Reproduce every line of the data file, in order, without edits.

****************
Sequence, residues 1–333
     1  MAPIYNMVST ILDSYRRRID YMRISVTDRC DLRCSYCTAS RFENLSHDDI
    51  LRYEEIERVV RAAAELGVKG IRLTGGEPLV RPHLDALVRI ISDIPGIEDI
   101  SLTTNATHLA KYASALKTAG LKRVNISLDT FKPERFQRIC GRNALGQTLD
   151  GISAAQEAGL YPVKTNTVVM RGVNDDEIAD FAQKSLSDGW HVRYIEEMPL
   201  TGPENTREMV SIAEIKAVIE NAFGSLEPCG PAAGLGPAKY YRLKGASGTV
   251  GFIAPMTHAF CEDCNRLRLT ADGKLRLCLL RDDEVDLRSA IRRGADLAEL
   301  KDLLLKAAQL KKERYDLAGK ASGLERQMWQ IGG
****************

Sequence, residues 1–333
     1  MAPIYNMVST ILDSYRRRID YMRISVTDRC DLRCSYCTAS RFENLSHDDI
    51  LRYEEIERVV RAAAELGVKG IRLTGGEPLV RPHLDALVRI ISDIPGIEDI
   101  SLTTNATHLA KYASALKTAG LKRVNISLDT FKPERFQRIC GRNALGQTLD
   151  GISAAQEAGL YPVKTNTVVM RGVNDDEIAD FAQKSLSDGW HVRYIEEMPL
   201  TGPENTREMV SIAEIKAVIE NAFGSLEPCG PAAGLGPAKY YRLKGASGTV
   251  GFIAPMTHAF CEDCNRLRLT ADGKLRLCLL RDDEVDLRSA IRRGADLAEL
   301  KDLLLKAAQL KKERYDLAGK ASGLERQMWQ IGG